Opinion: What is the future of travel?



Jody Michael

Jody Michael

Jody Michael is a junior broadcast journalism major and columnist for the Daily Kent Stater. Contact him at [email protected].

It’s beginning to look like the self-driving car is becoming reality. Google has been developing such technology for a while now, and late last month it released a video of Steve Mahan, who has lost 95 percent of his vision, using the car to visit a Taco Bell drive-thru and to pick up his dry cleaning.

The self-driving vehicle has two important aspects. First, you must carefully program the route you wish to take with a computer connected to the car. Second, radar and laser sensors pay attention for street signs and any potential approaching hazards.

Google’s video of Mahan’s trip leaves a few unanswered questions. How did the car know exactly where the drive-thru was in relation to the building? Would the trip go as smoothly if it were on roads with heavier traffic and higher speed limits?

Nonetheless, the self-driving car looks to be a realistic innovation we will see on the roads some day. If that’s the case, it could lead to a metamorphosis of sorts for transportation in the United States.

At this point, I don’t think anyone can know for certain how self-driving cars would change American automobile usage. We have to wait until a significant amount of people are able to use them so we can see how they respond and adjust their travel habits. But the possibilities seem endless.

Maybe families will save money and only own one car; it can pick up the kids from school, take them to baseball practice and then head to the office to bring mom and dad home from work.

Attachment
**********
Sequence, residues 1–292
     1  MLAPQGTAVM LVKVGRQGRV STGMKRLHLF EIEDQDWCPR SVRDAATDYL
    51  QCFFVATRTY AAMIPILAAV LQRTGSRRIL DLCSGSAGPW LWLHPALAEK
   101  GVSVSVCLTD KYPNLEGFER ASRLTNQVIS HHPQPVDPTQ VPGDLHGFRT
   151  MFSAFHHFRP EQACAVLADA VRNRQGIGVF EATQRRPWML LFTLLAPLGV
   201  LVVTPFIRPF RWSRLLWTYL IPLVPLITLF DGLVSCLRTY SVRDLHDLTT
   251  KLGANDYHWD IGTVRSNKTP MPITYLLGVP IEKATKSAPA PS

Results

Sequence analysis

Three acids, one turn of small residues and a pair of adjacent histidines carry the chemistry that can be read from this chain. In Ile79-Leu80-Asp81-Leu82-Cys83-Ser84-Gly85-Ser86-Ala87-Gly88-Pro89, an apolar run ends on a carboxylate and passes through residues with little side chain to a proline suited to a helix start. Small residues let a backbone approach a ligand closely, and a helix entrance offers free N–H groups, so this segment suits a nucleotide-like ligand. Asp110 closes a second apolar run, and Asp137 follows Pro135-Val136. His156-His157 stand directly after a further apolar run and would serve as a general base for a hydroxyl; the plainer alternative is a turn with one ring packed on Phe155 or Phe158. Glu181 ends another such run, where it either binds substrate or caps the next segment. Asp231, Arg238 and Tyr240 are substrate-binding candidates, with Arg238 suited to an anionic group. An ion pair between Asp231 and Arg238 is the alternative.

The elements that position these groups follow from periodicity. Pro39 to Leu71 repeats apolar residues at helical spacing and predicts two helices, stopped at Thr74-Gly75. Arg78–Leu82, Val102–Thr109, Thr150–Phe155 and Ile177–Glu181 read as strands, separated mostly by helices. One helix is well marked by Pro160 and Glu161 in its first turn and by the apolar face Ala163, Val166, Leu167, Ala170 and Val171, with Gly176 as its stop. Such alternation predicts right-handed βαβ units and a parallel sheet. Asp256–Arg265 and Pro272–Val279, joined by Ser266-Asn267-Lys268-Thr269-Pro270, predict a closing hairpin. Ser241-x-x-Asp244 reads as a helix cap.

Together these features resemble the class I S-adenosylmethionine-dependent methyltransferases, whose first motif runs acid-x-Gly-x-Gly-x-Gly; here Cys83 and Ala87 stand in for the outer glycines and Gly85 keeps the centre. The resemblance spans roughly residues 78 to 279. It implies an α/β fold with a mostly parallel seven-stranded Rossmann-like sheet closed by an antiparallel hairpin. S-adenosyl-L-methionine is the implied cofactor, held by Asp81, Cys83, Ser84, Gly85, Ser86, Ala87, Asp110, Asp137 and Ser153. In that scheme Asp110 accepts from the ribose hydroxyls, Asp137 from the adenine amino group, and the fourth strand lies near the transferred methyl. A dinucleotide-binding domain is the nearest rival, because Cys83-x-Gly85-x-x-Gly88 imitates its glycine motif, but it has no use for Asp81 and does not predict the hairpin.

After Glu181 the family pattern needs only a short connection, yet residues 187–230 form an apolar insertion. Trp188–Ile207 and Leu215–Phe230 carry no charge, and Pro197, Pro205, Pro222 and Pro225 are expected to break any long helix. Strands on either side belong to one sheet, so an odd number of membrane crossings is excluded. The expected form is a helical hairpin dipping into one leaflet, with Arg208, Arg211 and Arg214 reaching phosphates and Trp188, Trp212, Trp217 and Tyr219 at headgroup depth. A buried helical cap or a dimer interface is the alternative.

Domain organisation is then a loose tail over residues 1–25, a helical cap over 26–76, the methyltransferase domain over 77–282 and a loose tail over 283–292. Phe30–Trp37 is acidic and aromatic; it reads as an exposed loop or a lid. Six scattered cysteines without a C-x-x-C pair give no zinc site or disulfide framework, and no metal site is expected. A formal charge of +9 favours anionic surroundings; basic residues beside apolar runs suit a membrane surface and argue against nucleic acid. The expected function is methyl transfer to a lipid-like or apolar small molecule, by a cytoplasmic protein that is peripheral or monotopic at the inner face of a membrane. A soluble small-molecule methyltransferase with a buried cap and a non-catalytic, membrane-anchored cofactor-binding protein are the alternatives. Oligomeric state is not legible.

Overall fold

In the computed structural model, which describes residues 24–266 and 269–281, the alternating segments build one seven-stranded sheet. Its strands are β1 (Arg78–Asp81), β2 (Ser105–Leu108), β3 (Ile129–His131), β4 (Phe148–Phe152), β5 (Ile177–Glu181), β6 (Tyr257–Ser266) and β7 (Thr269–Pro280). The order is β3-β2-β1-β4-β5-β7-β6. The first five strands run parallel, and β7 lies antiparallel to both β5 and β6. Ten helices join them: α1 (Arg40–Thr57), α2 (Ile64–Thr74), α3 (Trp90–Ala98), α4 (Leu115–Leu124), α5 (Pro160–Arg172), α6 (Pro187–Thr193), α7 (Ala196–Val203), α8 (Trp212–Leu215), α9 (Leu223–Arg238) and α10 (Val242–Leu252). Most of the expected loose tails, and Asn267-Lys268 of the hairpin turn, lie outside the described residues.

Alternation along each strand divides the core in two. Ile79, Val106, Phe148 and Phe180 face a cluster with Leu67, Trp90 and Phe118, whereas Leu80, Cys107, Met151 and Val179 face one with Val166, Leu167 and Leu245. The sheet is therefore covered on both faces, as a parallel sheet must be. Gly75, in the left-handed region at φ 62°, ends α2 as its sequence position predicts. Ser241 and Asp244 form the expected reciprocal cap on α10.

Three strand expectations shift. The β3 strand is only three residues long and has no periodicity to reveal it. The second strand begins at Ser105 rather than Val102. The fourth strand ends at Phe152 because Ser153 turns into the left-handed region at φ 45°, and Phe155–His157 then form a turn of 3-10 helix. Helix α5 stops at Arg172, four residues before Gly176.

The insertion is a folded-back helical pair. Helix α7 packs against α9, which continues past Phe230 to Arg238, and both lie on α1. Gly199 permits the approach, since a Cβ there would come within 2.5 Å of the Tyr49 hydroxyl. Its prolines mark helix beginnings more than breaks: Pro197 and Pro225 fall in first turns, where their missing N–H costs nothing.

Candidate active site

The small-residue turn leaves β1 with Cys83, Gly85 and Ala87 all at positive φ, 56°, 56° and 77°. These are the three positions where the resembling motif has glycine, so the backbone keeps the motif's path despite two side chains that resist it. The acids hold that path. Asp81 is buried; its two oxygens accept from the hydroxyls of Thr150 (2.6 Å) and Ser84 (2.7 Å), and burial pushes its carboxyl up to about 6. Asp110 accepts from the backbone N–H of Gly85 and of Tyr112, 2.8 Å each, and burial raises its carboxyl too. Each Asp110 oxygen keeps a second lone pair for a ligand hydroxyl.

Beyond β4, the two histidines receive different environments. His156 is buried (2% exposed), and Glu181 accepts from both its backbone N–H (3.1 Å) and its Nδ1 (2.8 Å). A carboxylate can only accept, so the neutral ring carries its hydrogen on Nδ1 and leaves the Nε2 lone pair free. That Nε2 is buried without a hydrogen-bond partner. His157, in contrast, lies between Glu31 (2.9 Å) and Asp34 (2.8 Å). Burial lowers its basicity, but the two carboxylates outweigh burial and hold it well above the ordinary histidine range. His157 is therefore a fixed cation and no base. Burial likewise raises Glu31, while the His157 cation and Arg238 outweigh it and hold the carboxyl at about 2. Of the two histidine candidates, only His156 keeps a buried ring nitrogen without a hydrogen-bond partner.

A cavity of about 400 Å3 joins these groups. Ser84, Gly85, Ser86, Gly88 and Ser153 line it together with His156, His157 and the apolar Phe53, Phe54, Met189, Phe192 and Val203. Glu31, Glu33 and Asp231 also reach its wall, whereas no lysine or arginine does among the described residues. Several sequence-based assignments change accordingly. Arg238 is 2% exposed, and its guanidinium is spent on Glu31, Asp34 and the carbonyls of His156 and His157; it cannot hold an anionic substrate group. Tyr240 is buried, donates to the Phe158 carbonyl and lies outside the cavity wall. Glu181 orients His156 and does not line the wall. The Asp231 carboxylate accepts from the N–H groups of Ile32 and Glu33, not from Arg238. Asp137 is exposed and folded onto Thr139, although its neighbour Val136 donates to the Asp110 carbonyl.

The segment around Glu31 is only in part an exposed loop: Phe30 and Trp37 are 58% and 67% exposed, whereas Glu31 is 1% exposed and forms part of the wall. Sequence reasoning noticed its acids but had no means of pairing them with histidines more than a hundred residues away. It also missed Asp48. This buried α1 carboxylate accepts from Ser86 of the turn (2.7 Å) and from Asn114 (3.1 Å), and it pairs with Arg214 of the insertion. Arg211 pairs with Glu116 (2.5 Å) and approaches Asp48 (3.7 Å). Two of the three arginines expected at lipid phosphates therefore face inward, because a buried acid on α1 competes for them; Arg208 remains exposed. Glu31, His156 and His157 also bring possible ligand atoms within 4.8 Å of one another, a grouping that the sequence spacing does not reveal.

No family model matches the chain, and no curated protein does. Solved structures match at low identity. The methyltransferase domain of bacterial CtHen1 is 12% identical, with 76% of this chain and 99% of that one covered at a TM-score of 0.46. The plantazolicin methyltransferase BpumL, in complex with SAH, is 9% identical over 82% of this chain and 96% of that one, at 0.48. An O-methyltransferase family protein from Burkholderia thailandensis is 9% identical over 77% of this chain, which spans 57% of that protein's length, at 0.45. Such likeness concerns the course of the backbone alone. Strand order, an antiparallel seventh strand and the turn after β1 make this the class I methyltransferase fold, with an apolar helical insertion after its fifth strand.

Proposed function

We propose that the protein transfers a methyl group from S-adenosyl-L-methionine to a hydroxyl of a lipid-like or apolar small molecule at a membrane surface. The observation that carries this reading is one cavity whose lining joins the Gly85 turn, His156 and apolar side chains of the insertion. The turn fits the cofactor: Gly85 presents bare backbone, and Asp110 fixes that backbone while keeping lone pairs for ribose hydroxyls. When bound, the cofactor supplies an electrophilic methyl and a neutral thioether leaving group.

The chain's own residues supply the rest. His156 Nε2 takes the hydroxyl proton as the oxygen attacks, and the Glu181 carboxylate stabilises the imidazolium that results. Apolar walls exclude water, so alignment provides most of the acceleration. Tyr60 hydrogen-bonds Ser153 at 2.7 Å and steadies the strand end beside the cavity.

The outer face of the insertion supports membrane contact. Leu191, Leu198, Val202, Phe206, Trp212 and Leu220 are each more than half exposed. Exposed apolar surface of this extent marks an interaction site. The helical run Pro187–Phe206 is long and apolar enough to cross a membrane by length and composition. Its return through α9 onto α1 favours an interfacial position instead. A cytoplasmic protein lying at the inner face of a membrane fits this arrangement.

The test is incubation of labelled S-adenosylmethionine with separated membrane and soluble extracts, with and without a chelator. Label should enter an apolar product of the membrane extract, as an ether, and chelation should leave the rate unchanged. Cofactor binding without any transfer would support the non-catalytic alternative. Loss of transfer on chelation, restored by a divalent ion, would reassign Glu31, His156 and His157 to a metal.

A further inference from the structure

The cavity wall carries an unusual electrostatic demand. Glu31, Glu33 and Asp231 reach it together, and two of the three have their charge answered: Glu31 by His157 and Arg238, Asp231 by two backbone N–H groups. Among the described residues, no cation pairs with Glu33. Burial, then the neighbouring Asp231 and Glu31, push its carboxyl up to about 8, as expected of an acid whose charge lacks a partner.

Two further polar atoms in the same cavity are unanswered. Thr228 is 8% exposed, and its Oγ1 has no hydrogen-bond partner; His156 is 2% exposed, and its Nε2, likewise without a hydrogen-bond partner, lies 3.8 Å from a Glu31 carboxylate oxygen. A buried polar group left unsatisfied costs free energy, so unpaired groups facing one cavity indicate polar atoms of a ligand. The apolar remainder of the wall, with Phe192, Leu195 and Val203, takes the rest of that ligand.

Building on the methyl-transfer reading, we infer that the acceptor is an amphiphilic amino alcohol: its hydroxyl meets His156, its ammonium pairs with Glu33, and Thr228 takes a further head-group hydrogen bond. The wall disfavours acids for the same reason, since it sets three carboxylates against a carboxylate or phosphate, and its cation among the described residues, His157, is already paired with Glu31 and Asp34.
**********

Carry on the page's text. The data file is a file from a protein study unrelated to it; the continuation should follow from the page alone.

Maybe people will pimp their rides to serve as a portable living room. No longer needing to focus on driving, we’ll install WiFi and refrigerators and become more attached to our cars than ever before.

Or maybe, having relinquished the fun of driving, we’ll become less attached to our cars and instead just share one car among relatives or neighbors. Schedule a time when you need to get from A to B, and a car will take you there and then be on its way to another reservation.

Think of the potential increase in business that self-driving cars could bring to taxi services and rental car companies. Plus, the existence of parking lots to hold our cars while we work or go to class would no longer be necessary (students get their revenge on Parking Services!) Shifts like these would free those masses of land, which were once parking lots, for better uses.

Shipping companies might no longer need to hire drivers. Grocery shopping could become a delivery service, meaning the local Giant Eagle would start to look more like a warehouse. If some vehicles are still using gasoline engines, maybe cars would make their own trips to refill the tank, leading to the revival of gas station attendants.

It’s also difficult to estimate how long it would take for any of these things to come true. Perhaps I won’t be alive to see it — but, just imagining is rather exciting.